When spring training began, the Red Sox had three aces: Chris Sale, David Price and Rick Porcello.

When the All-Star break hit, they were down to one, Sale. Now, with three weeks to go, Sale still is an ace but one who’s been fading (4.57 ERA since Aug. 1).

The good news is there’s one more starter on the Red Sox staff who can lay claim to the ace label.

The difference between Doug Fister and Sale is the former doesn’t need any qualifiers. Wednesday night’s 6-1 win against the Toronto Blue Jays – Fister’s fourth consecutive start of seven-plus innings allowing two or fewer runs – should be enough to secure his status as the closest thing to a sure thing the Red Sox can put on the mound at this point in the season.

Fister’s arm is relatively fresh, and the 33-year-old has a 4-2 record and 2.60 ERA in nine postseason appearances, eight of them starts.

It’s not just his past four starts, in which he has allowed only five earned runs in 29 innings (a 1.55 ERA). Fister started a little slow, but his overall ERA after 10 starts this season is 3.61. He’s not going to receive any Cy Young votes like Sale, but that’s irrelevant when it comes to Boston’s 2017 team goals.

What he has done is inject himself into the conversation as one of the pillars the Red Sox will lean on when their likely playoff run begins.

“It’s a process, and (I’m) trying to keep continually moving in the right direction,” Fister said. “As the first inning showed, I’ve still got a lot of work to do, but (I’m) still heading in the right direction.”

If by “I’ve still got a lot of work to do” Fister means he needs to stop giving up runs in the first inning like he did Thursday – and in each of his other three first innings in the past four starts, meaning he has given up zero runs in 26 of his innings after the first – he’s being his usual modest self.

Breaking that habit seems like an awfully short to-do list.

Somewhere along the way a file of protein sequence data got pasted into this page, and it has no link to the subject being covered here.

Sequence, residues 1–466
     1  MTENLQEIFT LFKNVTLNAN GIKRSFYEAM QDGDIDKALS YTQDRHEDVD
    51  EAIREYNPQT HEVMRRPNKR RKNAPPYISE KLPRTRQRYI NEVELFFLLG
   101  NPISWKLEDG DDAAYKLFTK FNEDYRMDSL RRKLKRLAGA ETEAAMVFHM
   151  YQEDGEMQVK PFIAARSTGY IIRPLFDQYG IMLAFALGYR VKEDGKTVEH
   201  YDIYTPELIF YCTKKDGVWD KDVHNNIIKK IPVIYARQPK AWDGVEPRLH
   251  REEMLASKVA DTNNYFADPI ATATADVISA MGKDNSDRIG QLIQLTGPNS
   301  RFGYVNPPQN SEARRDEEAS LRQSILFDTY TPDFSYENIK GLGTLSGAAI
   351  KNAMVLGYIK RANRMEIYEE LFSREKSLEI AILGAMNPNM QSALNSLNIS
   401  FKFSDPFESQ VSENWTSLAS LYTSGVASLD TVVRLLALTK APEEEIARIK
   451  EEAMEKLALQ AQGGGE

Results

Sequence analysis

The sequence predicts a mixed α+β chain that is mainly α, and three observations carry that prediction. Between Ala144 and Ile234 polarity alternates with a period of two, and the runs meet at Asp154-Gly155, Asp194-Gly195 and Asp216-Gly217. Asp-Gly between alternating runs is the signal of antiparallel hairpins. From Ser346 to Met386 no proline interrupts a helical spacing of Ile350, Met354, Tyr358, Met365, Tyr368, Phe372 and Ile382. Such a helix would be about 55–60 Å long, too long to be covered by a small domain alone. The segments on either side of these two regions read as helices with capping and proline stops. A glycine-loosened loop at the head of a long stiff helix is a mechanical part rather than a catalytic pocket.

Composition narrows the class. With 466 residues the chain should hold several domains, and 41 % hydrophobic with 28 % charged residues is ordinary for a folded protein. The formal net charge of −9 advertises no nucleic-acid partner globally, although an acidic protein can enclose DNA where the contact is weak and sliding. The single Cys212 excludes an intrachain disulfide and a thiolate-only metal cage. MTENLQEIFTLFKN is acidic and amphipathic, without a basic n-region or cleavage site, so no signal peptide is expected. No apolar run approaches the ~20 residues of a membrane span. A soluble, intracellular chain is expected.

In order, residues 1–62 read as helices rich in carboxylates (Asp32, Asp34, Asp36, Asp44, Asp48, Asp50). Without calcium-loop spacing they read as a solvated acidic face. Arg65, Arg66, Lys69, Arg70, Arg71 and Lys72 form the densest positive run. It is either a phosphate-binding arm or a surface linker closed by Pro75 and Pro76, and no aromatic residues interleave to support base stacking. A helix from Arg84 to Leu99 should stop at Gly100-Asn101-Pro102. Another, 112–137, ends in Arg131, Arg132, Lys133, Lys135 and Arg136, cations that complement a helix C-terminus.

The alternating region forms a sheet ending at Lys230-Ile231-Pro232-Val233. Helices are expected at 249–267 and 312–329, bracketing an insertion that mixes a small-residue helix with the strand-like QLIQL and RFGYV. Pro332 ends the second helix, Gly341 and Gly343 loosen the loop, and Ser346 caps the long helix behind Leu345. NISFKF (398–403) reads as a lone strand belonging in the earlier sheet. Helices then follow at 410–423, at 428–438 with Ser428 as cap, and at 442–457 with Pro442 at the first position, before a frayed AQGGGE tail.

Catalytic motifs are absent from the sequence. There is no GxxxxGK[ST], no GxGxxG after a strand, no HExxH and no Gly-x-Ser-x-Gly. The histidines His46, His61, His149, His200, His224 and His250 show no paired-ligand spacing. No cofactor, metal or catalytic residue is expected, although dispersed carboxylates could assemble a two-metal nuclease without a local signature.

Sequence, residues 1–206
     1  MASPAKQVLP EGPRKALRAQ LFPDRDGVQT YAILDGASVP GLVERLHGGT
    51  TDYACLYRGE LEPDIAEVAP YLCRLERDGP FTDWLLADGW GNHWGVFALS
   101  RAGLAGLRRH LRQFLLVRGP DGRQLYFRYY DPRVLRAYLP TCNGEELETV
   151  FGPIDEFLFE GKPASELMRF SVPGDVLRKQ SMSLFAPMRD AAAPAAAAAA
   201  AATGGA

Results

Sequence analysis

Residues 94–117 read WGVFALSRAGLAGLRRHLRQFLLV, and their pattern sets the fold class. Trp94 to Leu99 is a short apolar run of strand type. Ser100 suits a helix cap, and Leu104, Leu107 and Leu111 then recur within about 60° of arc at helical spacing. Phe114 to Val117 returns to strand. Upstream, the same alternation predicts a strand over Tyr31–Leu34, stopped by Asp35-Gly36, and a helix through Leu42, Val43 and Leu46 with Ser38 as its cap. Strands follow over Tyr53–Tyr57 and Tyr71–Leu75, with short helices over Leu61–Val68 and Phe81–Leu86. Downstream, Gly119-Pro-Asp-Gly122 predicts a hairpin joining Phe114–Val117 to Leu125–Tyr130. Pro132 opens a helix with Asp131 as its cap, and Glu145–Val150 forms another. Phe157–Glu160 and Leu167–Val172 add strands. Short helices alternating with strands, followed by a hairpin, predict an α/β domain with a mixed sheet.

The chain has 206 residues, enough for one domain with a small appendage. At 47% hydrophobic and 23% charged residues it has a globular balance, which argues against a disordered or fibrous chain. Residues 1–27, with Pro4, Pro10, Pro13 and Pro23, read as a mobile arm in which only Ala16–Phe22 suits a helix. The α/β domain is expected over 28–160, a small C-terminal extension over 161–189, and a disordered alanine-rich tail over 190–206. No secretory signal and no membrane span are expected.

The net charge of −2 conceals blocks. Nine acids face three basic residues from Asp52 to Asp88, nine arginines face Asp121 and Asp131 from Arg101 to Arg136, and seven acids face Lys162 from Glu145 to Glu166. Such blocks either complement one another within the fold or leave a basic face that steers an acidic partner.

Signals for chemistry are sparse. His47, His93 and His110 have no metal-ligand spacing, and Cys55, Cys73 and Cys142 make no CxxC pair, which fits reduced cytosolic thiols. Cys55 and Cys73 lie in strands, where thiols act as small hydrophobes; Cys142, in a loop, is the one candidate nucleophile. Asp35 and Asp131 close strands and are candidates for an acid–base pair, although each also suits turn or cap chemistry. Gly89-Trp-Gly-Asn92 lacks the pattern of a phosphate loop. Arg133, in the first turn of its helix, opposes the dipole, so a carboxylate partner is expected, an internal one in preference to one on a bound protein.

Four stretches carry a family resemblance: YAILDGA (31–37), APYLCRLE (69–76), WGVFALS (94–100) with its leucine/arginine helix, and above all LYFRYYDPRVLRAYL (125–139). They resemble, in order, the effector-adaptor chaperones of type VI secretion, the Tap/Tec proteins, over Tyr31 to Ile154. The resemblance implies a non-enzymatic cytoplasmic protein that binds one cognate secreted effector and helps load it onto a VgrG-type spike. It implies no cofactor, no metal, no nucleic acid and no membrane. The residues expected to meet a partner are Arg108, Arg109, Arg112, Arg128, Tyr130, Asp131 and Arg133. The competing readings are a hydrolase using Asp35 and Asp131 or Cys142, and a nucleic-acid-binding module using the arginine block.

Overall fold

“You know, he gets in the rhythm of the game, it takes him an inning, it takes him an inning to find his release point,” Manager John Farrell said. “It’s been uncanny how similar the beginning of games are and how he finishes out. I think, to me, it’s more finding that release point, and then he stays out of the middle of the plate, and then he gets a feel for that curveball, which is, as we’ve come to find out, that’s a key pitch for him.”

Fister’s doing it all right, and at this time in the season when the Red Sox have sputtered against the Yankees and their hold on the AL East has been in jeopardy of evaporating, it’s been Fister, not Sale, who continually has come to their rescue.

“Credit to Doug Fister, plain and simple,” Farrell said. “I think he’s gained a lot of confidence each time he’s taken the mound in the rotation. We’ve talked about the adjustments he had to make, and (he) did those, and he’s gone out and pitched as a veteran does. (He) knows himself, knows how to navigate traffic when it’s on the base paths. You love the body language, the mound presence and the conviction to the pitches. So he has earned that trust by the way he’s gone out and pitched.”

In a way unlike anyone else right now, in Fister, the Red Sox trust.

Dustin Pedroia dove to his right side, spun around and tried to push himself up with his left knee, but fell right back to the ground while making a play during Tuesday night’s 3-2, 19th-inning win over Toronto.

He was removed after playing 10 innings, but even though his surgically repaired knee has caused him two trips to the disabled list this season, he said he is fine.

“He came out of it, actually, after 10 innings he was still in pretty good shape in terms of how his knee was holding up for the duration,” Farrell said.

Pedroia said his knee is “feeling all right, man. Still building up. So far, so good.”

Andrew Benintendi drew his 64th walk of the season Wednesday night – the most by a Red Sox rookie since 1966, when George Scott (65) and Joe Foy (91) each had impressive debut seasons.

One theory about why Benintendi is walking so much? Opposing pitchers don’t want to face him.

“I think it’s as much a reflection of the way teams are game planning against us, because of the August he’s had,” Farrell said. “Let’s face it, we get who’s hot, who’s not and who are you going to pick to attack in tight situations. That might be more revealing that ‘don’t mess with him, go to the next guy.'”